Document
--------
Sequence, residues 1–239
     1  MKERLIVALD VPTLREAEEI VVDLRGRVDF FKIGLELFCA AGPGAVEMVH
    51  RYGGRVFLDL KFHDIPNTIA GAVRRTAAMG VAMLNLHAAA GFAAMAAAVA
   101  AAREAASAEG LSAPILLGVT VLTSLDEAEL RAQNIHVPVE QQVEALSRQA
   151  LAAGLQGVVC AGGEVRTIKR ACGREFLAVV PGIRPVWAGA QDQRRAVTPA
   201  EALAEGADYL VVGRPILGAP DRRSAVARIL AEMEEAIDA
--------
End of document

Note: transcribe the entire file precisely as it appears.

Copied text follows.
Sequence, residues 1–239
     1  MKERLIVALD VPTLREAEEI VVDLRGRVDF FKIGLELFCA AGPGAVEMVH
    51  RYGGRVFLDL KFHDIPNTIA GAVRRTAAMG VAMLNLHAAA GFAAMAAAVA
   101  AAREAASAEG LSAPILLGVT VLTSLDEAEL RAQNIHVPVE QQVEALSRQA
   151  LAAGLQGVVC AGGEVRTIKR ACGREFLAVV PGIRPVWAGA QDQRRAVTPA
   201  EALAEGADYL VVGRPILGAP DRRSAVARIL AEMEEAIDA